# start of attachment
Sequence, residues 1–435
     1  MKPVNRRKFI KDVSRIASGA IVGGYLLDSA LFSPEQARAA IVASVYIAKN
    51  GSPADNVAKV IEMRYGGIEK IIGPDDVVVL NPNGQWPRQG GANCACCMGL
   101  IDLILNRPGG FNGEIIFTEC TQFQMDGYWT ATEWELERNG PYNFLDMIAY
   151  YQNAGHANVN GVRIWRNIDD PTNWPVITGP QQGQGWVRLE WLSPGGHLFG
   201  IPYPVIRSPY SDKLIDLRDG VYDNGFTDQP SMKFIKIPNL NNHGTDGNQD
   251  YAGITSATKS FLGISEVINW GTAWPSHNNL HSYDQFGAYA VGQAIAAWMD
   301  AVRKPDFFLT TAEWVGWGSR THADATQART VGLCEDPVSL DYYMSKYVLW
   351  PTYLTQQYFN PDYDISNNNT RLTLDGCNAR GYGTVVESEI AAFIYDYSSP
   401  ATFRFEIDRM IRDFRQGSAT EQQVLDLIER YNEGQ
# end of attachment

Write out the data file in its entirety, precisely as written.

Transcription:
Sequence, residues 1–435
     1  MKPVNRRKFI KDVSRIASGA IVGGYLLDSA LFSPEQARAA IVASVYIAKN
    51  GSPADNVAKV IEMRYGGIEK IIGPDDVVVL NPNGQWPRQG GANCACCMGL
   101  IDLILNRPGG FNGEIIFTEC TQFQMDGYWT ATEWELERNG PYNFLDMIAY
   151  YQNAGHANVN GVRIWRNIDD PTNWPVITGP QQGQGWVRLE WLSPGGHLFG
   201  IPYPVIRSPY SDKLIDLRDG VYDNGFTDQP SMKFIKIPNL NNHGTDGNQD
   251  YAGITSATKS FLGISEVINW GTAWPSHNNL HSYDQFGAYA VGQAIAAWMD
   301  AVRKPDFFLT TAEWVGWGSR THADATQART VGLCEDPVSL DYYMSKYVLW
   351  PTYLTQQYFN PDYDISNNNT RLTLDGCNAR GYGTVVESEI AAFIYDYSSP
   401  ATFRFEIDRM IRDFRQGSAT EQQVLDLIER YNEGQ